The first electric taxis due to operate in the capital have been delayed, after a fault was found in the all-important meter that tracks time and distance driven.
London has only permitted zero-emission vehicles to join its official fleet of 23,000 cabs from the start of this year, but so far only one has been licensed - and it hasn't yet successfully carried a paying passenger.
The only approved model so far is the TX eCity from LEVC (formerly The London Taxi Company), but despite several hundred being ordered from the Chinese-owned firm, it will be several weeks before they are delivered.
The problem is due to a fault in the meter that determines payment at the end of the journey. The electric car sends a regular pulse to the meter to track distance travelled, but it appears that the readings from vehicle and meter are not tallying. A spokesperson told The Guardian, "The signal from the vehicles and the meters are not lining up and we are working on a solution to fix that issue. We're working to get an appropriate converter to get the vehicles licensed by [Transport for London] and over to customers."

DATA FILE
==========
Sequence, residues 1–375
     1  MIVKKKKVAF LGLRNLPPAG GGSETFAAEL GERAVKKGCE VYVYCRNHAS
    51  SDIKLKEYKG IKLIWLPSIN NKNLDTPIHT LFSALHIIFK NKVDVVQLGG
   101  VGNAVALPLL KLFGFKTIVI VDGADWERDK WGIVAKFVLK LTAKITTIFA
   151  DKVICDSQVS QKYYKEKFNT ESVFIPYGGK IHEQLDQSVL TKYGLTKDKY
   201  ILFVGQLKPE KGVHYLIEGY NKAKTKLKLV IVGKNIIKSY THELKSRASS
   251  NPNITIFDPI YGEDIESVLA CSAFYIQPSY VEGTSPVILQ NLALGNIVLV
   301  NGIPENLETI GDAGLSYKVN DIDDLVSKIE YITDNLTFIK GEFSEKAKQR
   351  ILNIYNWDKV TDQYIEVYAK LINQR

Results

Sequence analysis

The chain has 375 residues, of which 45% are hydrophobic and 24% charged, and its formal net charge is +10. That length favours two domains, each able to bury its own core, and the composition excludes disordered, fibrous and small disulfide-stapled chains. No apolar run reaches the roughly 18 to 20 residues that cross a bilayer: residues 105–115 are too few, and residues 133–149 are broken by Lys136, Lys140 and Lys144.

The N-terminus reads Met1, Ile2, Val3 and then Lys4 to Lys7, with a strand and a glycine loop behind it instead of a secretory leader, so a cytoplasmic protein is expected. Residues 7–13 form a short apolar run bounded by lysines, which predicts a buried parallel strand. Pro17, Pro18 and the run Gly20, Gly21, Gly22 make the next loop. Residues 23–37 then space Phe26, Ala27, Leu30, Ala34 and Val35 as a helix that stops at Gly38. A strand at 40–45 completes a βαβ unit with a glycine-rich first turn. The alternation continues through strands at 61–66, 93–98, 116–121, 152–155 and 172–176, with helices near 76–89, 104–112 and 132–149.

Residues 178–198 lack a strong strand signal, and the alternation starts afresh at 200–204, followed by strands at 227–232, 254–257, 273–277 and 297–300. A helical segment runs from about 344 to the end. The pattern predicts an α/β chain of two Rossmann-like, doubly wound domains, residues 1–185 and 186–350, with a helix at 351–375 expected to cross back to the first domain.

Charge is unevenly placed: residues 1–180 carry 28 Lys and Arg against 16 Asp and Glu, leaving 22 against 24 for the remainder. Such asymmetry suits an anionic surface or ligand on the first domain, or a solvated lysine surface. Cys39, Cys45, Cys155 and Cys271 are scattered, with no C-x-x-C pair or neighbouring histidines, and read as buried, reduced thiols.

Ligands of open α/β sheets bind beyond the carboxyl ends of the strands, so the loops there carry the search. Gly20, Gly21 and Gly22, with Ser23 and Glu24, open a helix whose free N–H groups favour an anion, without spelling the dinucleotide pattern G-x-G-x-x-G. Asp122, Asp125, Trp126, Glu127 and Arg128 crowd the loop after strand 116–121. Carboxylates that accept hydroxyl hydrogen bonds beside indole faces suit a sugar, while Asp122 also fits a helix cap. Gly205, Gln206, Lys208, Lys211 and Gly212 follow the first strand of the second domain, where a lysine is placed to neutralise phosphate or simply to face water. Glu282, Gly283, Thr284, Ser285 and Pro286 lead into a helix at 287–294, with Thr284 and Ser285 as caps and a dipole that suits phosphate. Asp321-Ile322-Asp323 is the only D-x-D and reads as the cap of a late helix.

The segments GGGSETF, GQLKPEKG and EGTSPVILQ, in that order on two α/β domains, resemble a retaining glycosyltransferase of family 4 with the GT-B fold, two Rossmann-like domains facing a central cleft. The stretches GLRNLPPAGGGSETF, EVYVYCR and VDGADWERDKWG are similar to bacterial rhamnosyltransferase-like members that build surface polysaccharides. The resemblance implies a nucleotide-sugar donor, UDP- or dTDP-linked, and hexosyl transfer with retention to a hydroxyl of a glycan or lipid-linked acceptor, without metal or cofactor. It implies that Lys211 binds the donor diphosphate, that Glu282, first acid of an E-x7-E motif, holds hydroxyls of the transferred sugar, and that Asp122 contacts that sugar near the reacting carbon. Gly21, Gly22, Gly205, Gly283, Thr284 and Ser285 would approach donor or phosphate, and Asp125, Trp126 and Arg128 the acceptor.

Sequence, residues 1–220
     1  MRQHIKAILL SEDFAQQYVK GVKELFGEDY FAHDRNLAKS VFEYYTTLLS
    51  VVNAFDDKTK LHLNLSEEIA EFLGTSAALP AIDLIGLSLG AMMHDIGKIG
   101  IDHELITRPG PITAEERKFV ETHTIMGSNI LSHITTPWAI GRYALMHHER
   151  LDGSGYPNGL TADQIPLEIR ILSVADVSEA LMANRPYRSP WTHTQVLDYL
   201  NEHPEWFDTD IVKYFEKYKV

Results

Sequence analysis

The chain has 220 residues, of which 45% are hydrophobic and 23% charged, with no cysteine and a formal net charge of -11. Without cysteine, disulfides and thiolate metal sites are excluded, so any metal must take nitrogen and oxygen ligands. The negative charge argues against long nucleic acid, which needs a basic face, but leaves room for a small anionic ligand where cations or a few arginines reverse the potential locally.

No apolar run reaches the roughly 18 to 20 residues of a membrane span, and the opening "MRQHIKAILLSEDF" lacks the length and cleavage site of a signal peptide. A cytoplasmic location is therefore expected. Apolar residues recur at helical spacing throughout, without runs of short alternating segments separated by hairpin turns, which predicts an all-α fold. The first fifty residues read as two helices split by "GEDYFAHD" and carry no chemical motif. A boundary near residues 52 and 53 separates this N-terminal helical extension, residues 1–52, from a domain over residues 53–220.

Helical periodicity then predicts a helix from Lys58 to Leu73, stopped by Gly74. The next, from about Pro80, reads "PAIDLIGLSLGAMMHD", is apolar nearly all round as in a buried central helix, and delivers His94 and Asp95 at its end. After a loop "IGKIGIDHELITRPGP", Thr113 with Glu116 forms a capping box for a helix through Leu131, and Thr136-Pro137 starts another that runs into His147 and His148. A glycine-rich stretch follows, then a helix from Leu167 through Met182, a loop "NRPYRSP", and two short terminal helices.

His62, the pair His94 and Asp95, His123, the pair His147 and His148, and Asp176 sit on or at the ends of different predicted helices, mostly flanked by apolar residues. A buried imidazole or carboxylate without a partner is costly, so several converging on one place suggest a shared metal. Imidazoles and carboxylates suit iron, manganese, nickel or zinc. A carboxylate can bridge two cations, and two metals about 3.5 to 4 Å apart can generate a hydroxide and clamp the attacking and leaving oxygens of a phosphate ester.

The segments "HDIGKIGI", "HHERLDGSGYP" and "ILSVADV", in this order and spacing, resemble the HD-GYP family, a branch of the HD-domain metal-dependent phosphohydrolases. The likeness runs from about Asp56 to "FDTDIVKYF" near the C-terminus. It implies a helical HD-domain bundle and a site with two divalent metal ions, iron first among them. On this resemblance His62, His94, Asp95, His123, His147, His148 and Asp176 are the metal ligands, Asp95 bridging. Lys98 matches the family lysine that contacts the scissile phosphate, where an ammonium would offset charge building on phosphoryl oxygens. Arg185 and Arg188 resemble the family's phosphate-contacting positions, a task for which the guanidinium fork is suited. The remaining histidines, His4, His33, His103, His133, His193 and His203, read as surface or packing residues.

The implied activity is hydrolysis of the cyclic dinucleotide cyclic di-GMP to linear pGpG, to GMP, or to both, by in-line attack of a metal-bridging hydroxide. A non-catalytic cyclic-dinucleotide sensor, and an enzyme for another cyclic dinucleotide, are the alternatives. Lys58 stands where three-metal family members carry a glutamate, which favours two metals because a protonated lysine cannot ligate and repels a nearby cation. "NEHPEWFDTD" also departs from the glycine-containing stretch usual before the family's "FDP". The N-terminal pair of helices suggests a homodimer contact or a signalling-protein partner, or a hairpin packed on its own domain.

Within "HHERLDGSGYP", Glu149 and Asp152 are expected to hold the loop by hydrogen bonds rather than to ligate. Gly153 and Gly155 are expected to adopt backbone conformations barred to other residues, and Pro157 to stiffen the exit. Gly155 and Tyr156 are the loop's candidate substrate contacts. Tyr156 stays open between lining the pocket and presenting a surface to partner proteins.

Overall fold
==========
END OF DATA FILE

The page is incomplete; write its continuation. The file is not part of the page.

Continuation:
Although the TX eCity does contain a 1.3 litre petrol engine, this is only used as a generator for the battery pack and electric motor. The car can travel up to 70 miles on a single charge, but a full tank of petrol extends that to almost 400 miles.
WiFi and USB charging, as well as support for contactless payments (the latter being a popular argument against using traditional black cabs), are included, and a sat nav is also built in. This can inform drivers about congestion and nearby charging points, which cabbies have complained about in the past.
Steve McNamara, general secretary of the Licensed Taxi Drivers' Association, told The Guardian, "The lack of charging infrastructure is a concern. There are still nowhere near the number of rapid charge points that we need in central London."
There are only 90 rapid charging points in London today, mostly outside the central city. TfL has promised that 300 rapid points will be in use by the end of 2020, many reserved for taxis.
Although McNamara praised the design of the electric car, he also highlighted the additional £12,000 that it costs compared to a traditional taxi.
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